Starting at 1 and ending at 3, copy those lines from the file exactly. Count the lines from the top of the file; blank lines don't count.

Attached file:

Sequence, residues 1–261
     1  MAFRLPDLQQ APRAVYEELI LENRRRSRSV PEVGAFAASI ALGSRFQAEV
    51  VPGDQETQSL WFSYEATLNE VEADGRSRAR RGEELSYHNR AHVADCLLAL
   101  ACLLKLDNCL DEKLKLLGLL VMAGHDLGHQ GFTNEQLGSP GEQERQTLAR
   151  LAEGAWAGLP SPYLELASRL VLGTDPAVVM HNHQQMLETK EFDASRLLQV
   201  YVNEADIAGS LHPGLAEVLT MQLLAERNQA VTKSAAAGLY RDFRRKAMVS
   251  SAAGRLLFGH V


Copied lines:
Sequence, residues 1–261
     1  MAFRLPDLQQ APRAVYEELI LENRRRSRSV PEVGAFAASI ALGSRFQAEV
    51  VPGDQETQSL WFSYEATLNE VEADGRSRAR RGEELSYHNR AHVADCLLAL